I read an interview you did recently in which you declared yourself to be on a personal crusade against irony. Maybe that was intended to be ironic.
No well, of course, it’d be great if I didn’t have to say anything more than that. If that was the end of that. But no, no, I’m still actually pretty sincere about that, even if it was a little hyperbolic to put it that way. What I mean is; irony is just a rhetorical device, there isn’t infinite wisdom stowed in it. But a certain double meaning in things, making people see things from two sides which you can sometimes achieve with irony by projecting some ridiculous alternative, is still a completely effective rhetorical device, but it’s just one of a hundred. Those who put a lot of ambition into something like writing, or just anything, I think they discover very quickly that it’s neither the first nor last device in the book. If you look at really excellent poets and such, they really aren’t that ironic. Bob Dylan for example, if you look at his lyrics, and look past the fact that it’s in his nature to be a kind of a sarcastic personality, to be so incredibly intellectual but at the same time a total brat, it’s kind of a crazy contrast, but if you just listen to his lyrics, you see that there really is no sarcasm in the lyrics themselves.

After I read that, your song Síðasta bloggfærsla ljóshærða drengsins (The Blonde Boy’s Last Blog Entry) immediately came to mind. I listened to it again and tried to imagine that you were being completely earnest, but I couldn’t reconcile it. There is something lightly comical about it, I’m sure it’s satirical.
It’s pretty hard to start making distinctions about it, but it’s supposed to be this guy who, well, it’s like he’s stepped out of his body and he sees how he acts and how he is, and is just articulating that. Of course he has misgivings about it but he’s describing his approval of it in the song anyway. The idea is that he’s not describing things that are, yes, essentially not good. He’s sort of painted himself into a corner ideologically, shouted “Wolf! Wolf!” too often, it’s that kind of statement. But he’s also not saying that it’s wonderful, he’s actually rather frantic and scared, so I think in the end there isn’t necessarily any irony in it. On the other hand it’s true that by projecting this way of thinking, you know, I’m of course pointing to the fact that it’s not good, but it’s also not being said anywhere that it is good.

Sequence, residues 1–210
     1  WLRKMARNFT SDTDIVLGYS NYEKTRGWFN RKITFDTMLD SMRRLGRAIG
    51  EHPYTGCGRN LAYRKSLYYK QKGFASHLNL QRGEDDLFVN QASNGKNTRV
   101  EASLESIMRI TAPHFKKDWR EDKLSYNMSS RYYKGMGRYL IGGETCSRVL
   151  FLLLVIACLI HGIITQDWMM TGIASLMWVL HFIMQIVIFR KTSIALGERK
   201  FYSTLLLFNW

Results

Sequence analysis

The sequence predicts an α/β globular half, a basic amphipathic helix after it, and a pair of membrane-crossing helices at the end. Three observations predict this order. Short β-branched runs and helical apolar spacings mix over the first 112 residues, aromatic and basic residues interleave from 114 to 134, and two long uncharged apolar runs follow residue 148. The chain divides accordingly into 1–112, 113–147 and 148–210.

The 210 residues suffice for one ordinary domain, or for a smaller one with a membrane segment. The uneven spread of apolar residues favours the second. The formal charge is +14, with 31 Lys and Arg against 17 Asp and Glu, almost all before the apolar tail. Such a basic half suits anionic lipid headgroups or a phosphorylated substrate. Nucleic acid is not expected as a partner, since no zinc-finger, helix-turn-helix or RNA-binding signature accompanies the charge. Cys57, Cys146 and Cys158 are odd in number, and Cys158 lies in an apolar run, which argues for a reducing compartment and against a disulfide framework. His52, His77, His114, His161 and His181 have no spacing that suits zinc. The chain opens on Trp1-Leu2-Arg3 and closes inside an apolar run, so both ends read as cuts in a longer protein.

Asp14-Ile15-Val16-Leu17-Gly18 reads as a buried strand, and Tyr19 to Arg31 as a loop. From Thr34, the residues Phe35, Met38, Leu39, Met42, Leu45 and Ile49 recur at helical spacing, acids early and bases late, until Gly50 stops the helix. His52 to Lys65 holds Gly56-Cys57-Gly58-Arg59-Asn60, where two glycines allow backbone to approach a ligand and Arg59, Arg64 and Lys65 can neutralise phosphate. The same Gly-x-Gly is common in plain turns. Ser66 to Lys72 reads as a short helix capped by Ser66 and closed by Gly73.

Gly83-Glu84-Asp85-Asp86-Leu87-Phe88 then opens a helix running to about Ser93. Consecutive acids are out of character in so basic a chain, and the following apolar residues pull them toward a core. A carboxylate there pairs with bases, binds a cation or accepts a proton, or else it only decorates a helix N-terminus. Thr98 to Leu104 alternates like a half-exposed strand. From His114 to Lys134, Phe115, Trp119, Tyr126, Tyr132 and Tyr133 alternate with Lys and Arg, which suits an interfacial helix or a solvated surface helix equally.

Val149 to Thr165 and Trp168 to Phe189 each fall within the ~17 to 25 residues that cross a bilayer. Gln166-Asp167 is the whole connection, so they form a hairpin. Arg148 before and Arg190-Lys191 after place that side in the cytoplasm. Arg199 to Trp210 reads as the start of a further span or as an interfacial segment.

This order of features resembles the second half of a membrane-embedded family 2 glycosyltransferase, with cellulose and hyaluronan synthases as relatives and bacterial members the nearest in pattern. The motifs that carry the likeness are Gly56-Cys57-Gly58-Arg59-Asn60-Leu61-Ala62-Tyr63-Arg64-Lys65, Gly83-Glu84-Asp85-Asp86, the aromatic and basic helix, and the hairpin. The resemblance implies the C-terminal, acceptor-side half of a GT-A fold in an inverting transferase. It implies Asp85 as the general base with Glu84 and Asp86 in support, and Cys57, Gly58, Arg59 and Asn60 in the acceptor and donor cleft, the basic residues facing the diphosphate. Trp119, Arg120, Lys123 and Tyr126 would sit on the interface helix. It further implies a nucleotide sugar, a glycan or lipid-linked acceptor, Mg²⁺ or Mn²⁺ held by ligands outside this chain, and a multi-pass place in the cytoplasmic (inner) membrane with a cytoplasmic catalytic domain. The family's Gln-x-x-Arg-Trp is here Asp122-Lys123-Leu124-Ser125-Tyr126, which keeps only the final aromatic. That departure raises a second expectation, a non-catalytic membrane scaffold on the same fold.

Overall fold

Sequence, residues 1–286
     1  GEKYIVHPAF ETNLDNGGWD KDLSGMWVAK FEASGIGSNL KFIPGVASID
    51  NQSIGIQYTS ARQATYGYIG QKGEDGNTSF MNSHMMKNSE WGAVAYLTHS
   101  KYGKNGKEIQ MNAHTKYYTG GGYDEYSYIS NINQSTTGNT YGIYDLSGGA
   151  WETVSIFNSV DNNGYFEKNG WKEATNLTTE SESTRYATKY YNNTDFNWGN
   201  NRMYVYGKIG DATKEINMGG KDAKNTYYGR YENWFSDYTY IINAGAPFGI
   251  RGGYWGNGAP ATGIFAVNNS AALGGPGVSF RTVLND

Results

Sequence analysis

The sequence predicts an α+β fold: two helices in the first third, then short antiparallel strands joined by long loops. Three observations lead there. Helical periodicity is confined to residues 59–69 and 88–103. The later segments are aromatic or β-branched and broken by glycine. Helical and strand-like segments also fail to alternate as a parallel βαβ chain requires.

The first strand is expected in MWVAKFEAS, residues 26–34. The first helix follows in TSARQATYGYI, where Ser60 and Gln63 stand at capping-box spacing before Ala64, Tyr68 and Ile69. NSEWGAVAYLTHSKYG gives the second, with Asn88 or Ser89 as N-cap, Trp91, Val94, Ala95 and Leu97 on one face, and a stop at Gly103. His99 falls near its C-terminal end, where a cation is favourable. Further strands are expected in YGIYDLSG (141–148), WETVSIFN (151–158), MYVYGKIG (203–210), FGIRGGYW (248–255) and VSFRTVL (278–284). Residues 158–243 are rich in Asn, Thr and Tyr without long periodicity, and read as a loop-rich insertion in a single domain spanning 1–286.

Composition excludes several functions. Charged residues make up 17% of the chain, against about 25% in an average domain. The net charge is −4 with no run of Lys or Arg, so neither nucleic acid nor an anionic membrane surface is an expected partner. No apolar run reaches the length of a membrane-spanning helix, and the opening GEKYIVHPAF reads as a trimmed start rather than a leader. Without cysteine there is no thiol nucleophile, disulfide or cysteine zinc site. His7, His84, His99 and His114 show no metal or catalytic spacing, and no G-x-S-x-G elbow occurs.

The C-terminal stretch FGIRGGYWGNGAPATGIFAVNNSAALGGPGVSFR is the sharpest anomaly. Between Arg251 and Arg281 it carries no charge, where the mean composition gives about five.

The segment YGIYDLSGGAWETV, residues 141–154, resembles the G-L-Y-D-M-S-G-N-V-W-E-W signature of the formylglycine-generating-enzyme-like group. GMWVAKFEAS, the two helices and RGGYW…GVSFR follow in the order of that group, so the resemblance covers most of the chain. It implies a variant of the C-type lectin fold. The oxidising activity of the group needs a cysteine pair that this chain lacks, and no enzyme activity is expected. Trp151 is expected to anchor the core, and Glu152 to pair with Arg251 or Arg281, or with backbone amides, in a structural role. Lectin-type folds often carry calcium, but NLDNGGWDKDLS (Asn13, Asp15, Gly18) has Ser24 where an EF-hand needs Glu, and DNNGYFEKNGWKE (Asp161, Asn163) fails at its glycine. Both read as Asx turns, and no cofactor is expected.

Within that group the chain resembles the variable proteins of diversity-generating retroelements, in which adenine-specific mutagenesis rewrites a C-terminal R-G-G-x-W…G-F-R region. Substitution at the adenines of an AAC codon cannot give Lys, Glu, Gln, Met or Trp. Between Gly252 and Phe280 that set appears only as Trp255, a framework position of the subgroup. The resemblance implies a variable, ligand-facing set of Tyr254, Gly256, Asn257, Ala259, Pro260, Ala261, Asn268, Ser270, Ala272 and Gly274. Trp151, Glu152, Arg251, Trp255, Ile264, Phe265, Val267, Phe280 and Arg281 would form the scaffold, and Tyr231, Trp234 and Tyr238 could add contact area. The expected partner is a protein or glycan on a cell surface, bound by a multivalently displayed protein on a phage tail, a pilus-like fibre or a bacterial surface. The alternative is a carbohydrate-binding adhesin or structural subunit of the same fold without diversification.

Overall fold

I’ve both seen myself and heard from others that you seem to enjoy talking to and at the audience between songs at concerts. On Sprengjuhöllin’s Myspace page it says you are responsible for “song, guitar and stories.” Do you enjoy talking about your music as much as you do playing it?
Yeah, it varies quite a bit though. I would start with the disclaimer that it all revolves around music in the end, even music with lyrics, but not just talking. There are some artists who have gotten ahead purporting to be musicians but spend all their time talking about how great they are. Rappers often end up doing that. No one knows the music, they just know how mouthy the artist is. But I think with rappers, and with everyone, that the music needs to be number one, two and three. When it’s appropriate though, which is not always, I think it’s often just as fun to talk about the music as to make it. At certain concerts, like when people are just sitting and listening, I feel like it’s just as fun to talk about the songs and talk between songs and make a connection with the audience in that way as when the music is playing. But sometimes it’s not applicable. I would put it this way; we would never ever come forward as a band and not play anything, just talk. That would never happen.

Except in an interview.
Well, yes.

Support The Reykjavík Grapevine!
Buy subscriptions, t-shirts and more from our shop right here!


Show Me More!